EventsEventsPodcasts
Loader
Find Us
ADVERTISEMENT

France's Louvre museum set to return stolen Italian artifacts

Republican Guards stand alongside the Louvre museum pyramid in Paris before a dinner to honour Indian Prime Minister Narendra Modi July 14
Republican Guards stand alongside the Louvre museum pyramid in Paris before a dinner to honour Indian Prime Minister Narendra Modi July 14 Copyright Aurelien Morissard/Copyright 2023 The AP. All rights reserved.
Copyright Aurelien Morissard/Copyright 2023 The AP. All rights reserved.
By Savin Mattozzi
Published on Updated
Share this articleComments
Share this articleClose Button

Seven pieces bought by the museum more than 30 years ago could be returned to Italy as soon as this coming autumn.

ADVERTISEMENT

More than half a dozen stolen artifacts displayed in the Louvre’s Campana gallery are now set to return to their country of origin before the end of the year.

The director of the Louvre museum in Paris and Italian authorities have made an agreement to return the stolen pieces after an investigation found that they were not acquired legally.

Between 1982 and 1998 the museum purchased the items from private collectors who investigators now believe got them through illegal means.

Of the seven pieces, the most notable one is an Etruscan vase dating back to the 5th century BCE. The artist has been dubbed the “Berlin painter” but the exact identity of the artist is still unknown.

In a statement to the French newspaper Le Monde, the director of the Louvre Laurence des Cars said “I consider works of dubious provenance to be a blot on the collections of the Louvre. We must examine everything rigorously and clearly.”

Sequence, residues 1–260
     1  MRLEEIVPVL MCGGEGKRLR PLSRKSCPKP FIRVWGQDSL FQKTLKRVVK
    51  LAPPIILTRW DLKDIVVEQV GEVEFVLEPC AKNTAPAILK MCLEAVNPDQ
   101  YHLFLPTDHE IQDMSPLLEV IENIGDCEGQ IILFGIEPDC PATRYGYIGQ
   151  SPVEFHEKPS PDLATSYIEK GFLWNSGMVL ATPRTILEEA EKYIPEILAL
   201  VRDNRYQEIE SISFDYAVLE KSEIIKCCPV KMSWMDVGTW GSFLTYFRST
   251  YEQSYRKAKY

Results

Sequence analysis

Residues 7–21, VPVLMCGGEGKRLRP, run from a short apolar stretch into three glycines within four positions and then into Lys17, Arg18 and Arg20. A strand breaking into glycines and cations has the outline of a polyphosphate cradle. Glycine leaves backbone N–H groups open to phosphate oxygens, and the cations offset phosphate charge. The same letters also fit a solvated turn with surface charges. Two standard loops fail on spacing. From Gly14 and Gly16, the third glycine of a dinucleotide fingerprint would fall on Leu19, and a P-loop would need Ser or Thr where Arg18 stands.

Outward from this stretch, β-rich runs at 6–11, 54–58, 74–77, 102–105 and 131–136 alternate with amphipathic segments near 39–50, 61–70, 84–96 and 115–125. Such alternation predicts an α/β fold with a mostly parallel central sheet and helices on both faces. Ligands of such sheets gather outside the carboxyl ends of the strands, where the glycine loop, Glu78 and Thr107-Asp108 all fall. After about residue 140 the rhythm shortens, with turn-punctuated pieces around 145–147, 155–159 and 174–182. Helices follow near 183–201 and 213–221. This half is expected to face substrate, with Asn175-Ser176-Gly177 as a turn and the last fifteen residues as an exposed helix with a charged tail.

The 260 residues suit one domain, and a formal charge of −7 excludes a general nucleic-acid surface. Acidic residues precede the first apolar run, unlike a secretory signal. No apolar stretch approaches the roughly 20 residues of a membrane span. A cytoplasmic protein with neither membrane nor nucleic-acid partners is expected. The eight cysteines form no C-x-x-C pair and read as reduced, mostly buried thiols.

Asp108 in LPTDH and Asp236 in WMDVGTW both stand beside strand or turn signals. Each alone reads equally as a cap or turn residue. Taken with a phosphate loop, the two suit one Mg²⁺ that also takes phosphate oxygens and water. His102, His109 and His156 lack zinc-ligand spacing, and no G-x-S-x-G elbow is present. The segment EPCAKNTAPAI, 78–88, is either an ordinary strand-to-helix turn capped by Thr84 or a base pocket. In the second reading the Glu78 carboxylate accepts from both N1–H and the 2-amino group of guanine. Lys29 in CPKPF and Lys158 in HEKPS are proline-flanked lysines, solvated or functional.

Calls for repatriation of artifacts

Over the past several years there have been increasing calls for museums in Europe and North America to return artifacts and human remains that often times have been obtained though nefarious means.

Last year Egypt’s former minister of state for antiquities affairs, Zahi Hawass, called upon the Louvre and the British Museum to return artifacts taken from Egypt.

Of the pieces that Egypt requested back is the Rosetta Stone this is being held at the British Museum and the Dendera Zodiac from the Louvre.

Slow process of return

Last month Italy returned an ancient stone tablet to Iraq that was confiscated by Italian authorities in the 1980s. That tablet dates back to the 7th century BCE and has been attributed to Assyrian ruler King Shalmaneser III.

Two Dutch museums are planning to return more than 400 looted artifacts to Indonesia and Sri Lanka. 

The artifacts were stolen during Dutch colonial rule in Southeast Asia between the 17th and 20th centuries. The artifacts include precious metals, jewelry and an ornate cannon that originated in Sri Lanka.

Share this articleComments

You might also like